(October 1 2014)Highlights from the Grand Rapids Public Museum's collection of over 2,000 pieces of furniture.
Haney School Furniture CompanyHeadquarters and factory: Grand Rapids, Michigan. Sales offices: London, England; Chicago, Illinois; New York, New York.
Successor to Empire Iron Works.
SEE ALSO Empire Furniture Co. (Listed below)
1872: Elijah Haney founds Empire Works.
1875: Empire receives large contract to cast iron components for school desks.
1878: Company begins production exclusively of complete school desks for the Beckley – Cardy Co. of Chicago; company name changes to Haney Manufacturing Co.
1886: Haney ends contract with Beckley – Cardy and begins producing desks under its own name.
1888: Elijah Haney receives patent for his automatic folding seat desk.
1889: Company reorganizes as Haney School Furniture Co.
1891: Haney wins suit against Grand Rapids School Furniture Co. for infringing on its automatic folding seat desk patent.
1900: Haney produces 35,000 desks on contract for American School Furniture Co.
1901: Haney reaches an agreement allowing American School Furniture Co. to buy annual right to use Haney’s patent in its own lines.
1912: George M. Haney leaves the company and begins Empire Furniture Co.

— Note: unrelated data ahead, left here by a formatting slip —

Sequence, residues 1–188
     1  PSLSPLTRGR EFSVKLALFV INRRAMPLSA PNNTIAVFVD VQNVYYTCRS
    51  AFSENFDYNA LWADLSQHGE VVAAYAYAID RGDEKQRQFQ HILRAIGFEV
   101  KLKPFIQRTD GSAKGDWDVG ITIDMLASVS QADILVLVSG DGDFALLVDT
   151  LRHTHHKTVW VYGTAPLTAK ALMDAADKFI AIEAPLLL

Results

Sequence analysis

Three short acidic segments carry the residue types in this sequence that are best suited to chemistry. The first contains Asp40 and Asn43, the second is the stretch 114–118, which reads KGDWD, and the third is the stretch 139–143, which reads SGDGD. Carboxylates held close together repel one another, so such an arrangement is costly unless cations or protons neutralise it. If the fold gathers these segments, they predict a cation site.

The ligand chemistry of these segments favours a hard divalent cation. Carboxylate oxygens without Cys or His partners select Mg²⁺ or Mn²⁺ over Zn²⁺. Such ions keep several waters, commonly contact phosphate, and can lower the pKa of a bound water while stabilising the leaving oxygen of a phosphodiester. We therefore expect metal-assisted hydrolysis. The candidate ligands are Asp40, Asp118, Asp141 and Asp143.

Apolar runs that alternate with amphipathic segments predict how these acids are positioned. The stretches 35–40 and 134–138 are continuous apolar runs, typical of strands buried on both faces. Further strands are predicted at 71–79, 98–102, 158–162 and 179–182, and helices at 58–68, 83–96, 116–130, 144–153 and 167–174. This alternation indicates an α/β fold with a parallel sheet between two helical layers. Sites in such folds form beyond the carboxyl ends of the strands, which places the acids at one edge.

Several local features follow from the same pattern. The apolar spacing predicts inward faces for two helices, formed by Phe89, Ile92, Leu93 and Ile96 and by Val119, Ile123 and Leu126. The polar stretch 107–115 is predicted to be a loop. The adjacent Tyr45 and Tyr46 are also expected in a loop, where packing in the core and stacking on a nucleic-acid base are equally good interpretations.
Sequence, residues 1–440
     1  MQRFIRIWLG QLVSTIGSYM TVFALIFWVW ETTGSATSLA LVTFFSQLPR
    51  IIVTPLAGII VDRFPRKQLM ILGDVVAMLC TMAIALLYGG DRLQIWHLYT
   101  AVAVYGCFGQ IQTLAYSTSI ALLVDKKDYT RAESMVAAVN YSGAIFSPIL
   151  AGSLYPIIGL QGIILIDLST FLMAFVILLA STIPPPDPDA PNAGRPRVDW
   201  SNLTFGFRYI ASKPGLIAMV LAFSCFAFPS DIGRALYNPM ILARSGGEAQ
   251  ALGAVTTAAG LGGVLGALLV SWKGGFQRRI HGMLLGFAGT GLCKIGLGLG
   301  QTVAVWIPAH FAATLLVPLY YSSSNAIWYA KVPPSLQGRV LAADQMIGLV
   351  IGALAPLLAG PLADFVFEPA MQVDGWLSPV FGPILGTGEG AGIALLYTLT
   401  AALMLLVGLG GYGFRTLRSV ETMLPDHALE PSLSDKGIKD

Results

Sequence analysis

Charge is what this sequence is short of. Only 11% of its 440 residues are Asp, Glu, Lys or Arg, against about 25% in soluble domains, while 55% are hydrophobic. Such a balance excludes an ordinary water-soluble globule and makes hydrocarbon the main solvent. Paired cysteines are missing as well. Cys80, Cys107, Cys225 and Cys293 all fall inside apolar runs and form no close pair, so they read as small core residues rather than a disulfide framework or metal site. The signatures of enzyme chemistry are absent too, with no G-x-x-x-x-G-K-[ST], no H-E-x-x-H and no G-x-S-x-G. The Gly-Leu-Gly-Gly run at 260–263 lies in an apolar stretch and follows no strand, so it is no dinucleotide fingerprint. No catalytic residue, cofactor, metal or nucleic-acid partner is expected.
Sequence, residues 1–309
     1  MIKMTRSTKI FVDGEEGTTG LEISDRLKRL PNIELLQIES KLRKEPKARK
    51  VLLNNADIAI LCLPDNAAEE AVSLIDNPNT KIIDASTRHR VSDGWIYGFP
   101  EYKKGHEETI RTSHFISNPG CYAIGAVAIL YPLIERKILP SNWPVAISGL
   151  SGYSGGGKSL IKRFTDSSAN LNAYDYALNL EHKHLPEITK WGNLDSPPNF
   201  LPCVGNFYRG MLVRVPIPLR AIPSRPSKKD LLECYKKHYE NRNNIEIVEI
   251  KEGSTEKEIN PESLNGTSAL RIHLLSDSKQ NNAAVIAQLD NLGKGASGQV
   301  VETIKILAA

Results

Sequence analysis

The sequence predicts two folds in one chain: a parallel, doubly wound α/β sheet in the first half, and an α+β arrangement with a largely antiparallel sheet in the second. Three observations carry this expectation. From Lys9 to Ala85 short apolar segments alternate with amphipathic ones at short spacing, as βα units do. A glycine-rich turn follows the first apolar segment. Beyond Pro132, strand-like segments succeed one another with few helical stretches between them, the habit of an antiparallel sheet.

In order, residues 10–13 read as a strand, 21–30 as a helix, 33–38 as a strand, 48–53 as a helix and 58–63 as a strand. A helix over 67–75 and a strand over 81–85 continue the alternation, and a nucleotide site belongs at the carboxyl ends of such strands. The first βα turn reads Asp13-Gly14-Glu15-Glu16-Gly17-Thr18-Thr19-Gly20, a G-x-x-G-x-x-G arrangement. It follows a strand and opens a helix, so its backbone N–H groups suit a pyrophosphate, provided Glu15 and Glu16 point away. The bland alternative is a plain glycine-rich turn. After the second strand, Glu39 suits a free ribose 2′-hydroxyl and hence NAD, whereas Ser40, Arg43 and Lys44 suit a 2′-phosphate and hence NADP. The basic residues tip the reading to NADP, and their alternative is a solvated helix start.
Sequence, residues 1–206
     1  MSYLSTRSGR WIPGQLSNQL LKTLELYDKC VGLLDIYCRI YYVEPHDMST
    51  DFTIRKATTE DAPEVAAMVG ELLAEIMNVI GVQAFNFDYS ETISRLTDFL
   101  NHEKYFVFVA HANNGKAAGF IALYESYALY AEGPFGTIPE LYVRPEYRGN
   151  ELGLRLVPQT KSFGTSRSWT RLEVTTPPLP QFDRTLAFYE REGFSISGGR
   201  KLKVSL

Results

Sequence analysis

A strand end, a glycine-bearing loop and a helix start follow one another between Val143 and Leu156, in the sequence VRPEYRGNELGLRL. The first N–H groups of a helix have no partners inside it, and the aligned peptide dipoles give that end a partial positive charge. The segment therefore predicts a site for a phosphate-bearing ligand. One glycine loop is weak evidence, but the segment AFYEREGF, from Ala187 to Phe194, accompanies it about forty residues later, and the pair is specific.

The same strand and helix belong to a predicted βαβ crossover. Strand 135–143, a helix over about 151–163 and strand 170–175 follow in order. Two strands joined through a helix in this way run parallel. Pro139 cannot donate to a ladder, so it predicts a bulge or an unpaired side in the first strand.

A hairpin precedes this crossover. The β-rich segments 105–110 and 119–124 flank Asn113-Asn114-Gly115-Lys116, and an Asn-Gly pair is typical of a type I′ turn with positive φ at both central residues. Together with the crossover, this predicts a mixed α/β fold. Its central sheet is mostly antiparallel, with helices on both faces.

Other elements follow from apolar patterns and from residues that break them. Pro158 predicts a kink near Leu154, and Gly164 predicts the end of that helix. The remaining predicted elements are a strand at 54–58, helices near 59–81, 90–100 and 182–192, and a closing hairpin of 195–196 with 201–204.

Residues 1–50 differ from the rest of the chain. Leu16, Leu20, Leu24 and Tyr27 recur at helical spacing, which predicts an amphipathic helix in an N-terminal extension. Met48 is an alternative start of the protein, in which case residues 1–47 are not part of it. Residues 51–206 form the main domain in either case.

1919: Haney School Furniture Co. declares bankruptcy.
1922: George M. Haney is awarded a patent for his pedestal desk and begins a new Haney School Furniture Co. under his control.
1966: Company is purchased by Joseph Kiraly and its name changes to Haney Equipment Co.
1978: Haney Equipment Co. ceases production.
Elijah Haney was the company’s founder and first president. An inventor and mechanic at heart, he initially had his foundry produce small agricultural implements. After switching to school furniture, he received patents for his improvements, which eventually became standard in that segment of the industry. Control of the company rested solidly in family hands, with Elijah as president, Ida Haney vice-president, Alberta Haney as secretary, and George M. Haney as treasurer. Elijah remained president until the company’s bankruptcy in 1919.